It's redundant to prefix a member name with the class name. Take, for example, a class name of Author. Instead of creating a member named AuthorName,which would then be written out as Author.AuthorName, instead use Name as the member name.
Writing, compiling, and executing a program written in C# is an important first step in the exploration of the language. Although in general it doesn't matter what program you use to edit your C# source files, there are benefits to using more powerful editors and environments designed for C# development. Knowing the options and switches of the C# compiler will allow you to take control of how MSIL code is generated by the compiler. You can explore that code by using tools such as ILDASM, included with the Microsoft .NET Framework SDK.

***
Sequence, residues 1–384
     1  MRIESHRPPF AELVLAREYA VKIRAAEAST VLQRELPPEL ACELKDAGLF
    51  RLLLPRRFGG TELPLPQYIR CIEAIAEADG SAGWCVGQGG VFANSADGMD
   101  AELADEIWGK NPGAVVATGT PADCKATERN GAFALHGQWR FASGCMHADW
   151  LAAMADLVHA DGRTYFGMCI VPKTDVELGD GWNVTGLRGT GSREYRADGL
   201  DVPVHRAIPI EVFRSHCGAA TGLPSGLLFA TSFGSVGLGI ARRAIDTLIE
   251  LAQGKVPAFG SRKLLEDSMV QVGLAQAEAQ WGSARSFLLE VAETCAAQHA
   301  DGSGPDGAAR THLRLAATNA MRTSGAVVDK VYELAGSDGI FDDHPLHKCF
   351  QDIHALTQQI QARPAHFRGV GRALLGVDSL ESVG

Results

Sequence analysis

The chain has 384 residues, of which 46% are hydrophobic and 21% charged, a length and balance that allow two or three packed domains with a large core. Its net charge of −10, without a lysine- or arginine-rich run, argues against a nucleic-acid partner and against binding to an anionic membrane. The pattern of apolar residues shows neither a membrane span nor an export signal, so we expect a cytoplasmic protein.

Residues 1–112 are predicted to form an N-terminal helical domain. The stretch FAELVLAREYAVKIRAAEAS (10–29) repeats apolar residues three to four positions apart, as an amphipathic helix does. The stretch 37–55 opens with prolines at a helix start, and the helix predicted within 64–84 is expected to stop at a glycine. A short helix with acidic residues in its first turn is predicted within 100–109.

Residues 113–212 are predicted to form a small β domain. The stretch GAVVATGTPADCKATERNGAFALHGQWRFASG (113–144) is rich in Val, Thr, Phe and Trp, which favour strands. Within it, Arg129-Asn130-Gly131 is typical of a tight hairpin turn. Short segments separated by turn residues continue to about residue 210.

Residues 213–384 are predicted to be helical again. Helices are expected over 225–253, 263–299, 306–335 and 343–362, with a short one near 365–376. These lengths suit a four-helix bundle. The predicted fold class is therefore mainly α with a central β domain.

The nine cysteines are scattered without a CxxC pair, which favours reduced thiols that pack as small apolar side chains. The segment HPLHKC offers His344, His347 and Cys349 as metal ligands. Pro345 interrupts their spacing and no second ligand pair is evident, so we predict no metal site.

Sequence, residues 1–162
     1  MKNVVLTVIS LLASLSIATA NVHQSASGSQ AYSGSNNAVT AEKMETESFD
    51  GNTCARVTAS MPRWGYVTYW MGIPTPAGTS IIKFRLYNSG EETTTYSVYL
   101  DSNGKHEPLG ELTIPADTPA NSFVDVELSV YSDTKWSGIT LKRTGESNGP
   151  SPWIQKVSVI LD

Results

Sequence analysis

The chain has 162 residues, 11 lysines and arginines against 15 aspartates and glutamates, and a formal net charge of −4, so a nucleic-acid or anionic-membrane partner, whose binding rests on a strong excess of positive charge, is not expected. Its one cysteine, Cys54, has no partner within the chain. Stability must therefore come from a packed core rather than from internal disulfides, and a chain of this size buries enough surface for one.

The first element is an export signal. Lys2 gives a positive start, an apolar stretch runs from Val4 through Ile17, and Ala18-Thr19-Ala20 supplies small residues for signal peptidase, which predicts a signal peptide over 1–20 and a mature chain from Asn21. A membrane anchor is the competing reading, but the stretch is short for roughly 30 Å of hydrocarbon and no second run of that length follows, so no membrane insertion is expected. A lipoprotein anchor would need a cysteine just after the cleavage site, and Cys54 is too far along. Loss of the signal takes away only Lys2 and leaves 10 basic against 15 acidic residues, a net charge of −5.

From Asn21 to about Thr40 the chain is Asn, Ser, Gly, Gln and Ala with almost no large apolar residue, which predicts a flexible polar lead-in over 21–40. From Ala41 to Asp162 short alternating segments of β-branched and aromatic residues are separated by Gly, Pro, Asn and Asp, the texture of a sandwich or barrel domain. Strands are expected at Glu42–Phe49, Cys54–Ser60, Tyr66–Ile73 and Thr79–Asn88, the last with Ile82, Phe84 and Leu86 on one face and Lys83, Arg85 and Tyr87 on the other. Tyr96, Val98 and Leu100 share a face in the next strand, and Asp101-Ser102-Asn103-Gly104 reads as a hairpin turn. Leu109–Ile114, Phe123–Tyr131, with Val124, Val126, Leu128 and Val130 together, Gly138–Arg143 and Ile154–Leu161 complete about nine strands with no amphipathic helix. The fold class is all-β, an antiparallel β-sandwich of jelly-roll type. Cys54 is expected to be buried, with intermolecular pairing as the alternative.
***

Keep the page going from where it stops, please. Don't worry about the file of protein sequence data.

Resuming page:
The structure of C# programs provides for a number of features designed to make programs safer, easier to write, and less bug-prone. Included in this feature set are namespaces and the using directive. Finally, naming conventions, which include specific casing conventions, can make programs more readable and easier to maintain.